PAUL McKENNA reveals How to calm your mind and clear your thoughts

There are only two ways to feel good or feel bad about anything. One is to remember something good or bad that has already happened. The other is to imagine something good or bad that could happen in the future.

That’s why you can get so worked up worrying about a bad thing that may or may not happen — whether or not it takes place doesn’t make much difference in the end. You’ve suffered either way.

When we are in a state of excessive stress, continually looking for threats and seeing danger at every turn, we don’t have enough bandwidth for other kinds of positive thoughts and feelings.

By achieving that you will then be much more open to the idea that a new, more confident and resilient you is going to emerge in the days to come. First, let’s look at the way we can either create or reduce unnecessary stress in our lives through the pictures and the sounds we create in our imagination.

However, if we make a movie of ourselves interacting with fun people, laughing and relaxed, we get a good feeling and that leads to a different decision. Every day, we navigate our way through life with the movies we make in our minds and the things that we say to ourselves.

Once we have more control over our thoughts and feelings, we have control over our choices and behaviours — and ultimately our lives. Obviously, we can’t have control over everything that happens to us in life. But we are able to decide how we think and feel in response to them.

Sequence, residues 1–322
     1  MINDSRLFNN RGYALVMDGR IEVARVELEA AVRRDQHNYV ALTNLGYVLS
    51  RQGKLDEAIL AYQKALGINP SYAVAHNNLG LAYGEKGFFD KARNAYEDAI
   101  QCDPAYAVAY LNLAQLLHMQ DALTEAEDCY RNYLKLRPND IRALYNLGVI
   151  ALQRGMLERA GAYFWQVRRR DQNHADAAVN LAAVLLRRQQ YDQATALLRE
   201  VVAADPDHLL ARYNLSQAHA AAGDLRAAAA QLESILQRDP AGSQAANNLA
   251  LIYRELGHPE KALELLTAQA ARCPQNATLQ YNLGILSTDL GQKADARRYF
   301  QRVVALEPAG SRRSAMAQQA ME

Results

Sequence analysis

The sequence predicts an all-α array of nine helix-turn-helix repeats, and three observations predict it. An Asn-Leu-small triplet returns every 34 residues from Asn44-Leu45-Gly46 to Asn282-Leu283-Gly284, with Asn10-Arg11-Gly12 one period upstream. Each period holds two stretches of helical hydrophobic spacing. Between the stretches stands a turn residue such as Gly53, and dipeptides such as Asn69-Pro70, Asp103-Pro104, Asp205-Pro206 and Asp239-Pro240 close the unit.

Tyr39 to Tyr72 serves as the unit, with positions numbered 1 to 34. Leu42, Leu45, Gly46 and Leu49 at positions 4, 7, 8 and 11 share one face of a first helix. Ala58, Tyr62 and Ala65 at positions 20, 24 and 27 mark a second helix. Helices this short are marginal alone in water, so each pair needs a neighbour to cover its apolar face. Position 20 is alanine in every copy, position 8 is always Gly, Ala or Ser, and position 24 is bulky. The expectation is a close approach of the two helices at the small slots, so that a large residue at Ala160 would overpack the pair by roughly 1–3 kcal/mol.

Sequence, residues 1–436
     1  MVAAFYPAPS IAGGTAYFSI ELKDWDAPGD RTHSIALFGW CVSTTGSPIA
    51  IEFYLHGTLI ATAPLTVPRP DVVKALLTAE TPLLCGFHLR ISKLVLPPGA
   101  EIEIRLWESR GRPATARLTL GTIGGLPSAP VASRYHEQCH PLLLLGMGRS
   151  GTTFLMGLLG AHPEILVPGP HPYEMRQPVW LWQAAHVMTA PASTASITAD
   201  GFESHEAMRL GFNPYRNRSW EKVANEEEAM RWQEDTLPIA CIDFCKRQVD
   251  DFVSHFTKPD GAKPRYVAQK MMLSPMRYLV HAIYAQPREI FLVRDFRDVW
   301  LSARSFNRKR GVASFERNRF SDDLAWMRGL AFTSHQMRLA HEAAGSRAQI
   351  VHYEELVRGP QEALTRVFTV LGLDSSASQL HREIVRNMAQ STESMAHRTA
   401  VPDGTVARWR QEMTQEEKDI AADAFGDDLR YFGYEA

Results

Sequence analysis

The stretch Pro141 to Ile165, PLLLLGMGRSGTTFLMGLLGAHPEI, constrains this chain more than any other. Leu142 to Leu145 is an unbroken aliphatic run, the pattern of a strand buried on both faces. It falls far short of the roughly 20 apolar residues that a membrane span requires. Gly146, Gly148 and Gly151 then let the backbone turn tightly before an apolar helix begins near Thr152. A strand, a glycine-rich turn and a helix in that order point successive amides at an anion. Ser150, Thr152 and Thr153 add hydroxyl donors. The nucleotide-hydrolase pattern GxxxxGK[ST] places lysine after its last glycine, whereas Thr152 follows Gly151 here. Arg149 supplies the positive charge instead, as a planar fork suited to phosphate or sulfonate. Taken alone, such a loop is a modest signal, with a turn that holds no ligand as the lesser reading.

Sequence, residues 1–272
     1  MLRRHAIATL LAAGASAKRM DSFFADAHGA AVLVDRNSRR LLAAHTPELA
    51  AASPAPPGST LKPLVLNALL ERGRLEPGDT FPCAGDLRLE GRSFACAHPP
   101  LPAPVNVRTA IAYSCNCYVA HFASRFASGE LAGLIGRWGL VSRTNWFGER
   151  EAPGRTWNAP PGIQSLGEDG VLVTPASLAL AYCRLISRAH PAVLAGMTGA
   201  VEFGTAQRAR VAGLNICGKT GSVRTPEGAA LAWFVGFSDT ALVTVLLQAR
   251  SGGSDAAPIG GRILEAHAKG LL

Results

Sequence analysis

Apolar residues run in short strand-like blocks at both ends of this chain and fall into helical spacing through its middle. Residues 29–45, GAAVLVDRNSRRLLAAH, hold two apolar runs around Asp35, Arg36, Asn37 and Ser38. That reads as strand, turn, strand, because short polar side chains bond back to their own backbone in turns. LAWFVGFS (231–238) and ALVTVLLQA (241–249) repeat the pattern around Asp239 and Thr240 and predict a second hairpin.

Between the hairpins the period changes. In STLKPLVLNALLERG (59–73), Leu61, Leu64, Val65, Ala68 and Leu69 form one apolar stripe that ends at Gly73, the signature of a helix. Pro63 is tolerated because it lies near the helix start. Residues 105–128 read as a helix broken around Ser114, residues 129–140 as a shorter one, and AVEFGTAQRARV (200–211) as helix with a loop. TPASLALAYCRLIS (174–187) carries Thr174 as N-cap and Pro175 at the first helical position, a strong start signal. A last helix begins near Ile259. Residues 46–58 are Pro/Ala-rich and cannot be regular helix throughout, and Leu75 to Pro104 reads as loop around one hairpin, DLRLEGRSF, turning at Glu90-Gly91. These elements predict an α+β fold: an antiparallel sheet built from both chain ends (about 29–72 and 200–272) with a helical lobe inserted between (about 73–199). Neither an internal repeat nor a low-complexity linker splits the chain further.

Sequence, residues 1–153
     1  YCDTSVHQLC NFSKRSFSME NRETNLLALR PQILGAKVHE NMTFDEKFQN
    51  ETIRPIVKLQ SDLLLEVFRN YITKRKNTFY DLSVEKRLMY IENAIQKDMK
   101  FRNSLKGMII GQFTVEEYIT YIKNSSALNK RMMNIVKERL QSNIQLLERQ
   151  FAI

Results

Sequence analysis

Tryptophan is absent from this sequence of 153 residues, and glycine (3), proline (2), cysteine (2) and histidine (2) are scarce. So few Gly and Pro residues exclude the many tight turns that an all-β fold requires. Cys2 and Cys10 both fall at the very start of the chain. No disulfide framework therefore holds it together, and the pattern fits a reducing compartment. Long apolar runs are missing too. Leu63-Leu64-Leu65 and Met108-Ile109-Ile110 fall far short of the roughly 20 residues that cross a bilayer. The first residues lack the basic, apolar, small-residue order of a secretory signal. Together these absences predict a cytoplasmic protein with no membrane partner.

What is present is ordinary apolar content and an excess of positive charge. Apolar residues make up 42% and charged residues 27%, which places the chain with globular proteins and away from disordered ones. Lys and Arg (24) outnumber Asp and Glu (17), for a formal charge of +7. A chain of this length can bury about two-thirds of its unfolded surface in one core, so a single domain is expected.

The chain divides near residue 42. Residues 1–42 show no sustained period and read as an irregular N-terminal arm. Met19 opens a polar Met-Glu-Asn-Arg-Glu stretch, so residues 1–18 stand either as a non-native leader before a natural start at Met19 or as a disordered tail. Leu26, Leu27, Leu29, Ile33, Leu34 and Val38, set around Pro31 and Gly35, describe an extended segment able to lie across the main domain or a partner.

I have noticed that far too many people spend too much of their lives running negative movies in their mind to motivate themselves. Constantly moving away from fear rather than towards happiness is not a very enjoyable way to live your life. It doesn’t have to be that way. With my help, you are going to train your brain to feel good more of the time and move towards what you really want.

The body’s stress response mechanism works like a car alarm. If a threat is detected or perceived, the internal alarm system lets us know something is wrong by creating a change in our body chemistry, producing adrenaline and cortisol.

In an extreme situation, we experience the ‘fight-or-flight’ response which dates back to when we were living in caves and had to either fight a wild animal or run away.

If there is a chance of us looking bad in front of others then the stress response is triggered. These things may not seem like real ‘threats,’ but your nervous system can’t tell the difference between a physical threat to your ego and an imagined one.

I’m going to help you adjust your perception and interpretation of events that used to stress you. This plan is an exclusive extract from my new book Positivity: Confidence, Resilience, Motivation, which is published on January 6.

Following my steps will allow you to begin to respond differently, have more bandwidth in your thinking for resilience and creativity in solving problems which will ultimately lead to more positive results in life. The better you feel, the more you can see the world as it is, rather than how you fear it might be.

When you shift your attention from your head to your heart your body relaxes, your mind becomes clearer and your brain releases chemicals that bring about natural relaxation. Try this exercise when you feel stressed or your mind is racing: